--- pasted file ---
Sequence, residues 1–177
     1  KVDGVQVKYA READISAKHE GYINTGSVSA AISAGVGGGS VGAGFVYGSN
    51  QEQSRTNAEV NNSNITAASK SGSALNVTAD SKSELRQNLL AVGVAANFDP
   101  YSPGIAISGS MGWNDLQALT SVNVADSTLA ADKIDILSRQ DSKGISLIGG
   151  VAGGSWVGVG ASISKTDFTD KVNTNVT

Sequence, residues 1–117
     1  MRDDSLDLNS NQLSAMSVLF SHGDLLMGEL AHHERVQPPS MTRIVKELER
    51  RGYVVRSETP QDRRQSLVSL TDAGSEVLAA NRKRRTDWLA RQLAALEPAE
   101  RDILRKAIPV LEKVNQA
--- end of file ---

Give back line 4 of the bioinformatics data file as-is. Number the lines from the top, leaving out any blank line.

   101  YSPGIAISGS MGWNDLQALT SVNVADSTLA ADKIDILSRQ DSKGISLIGG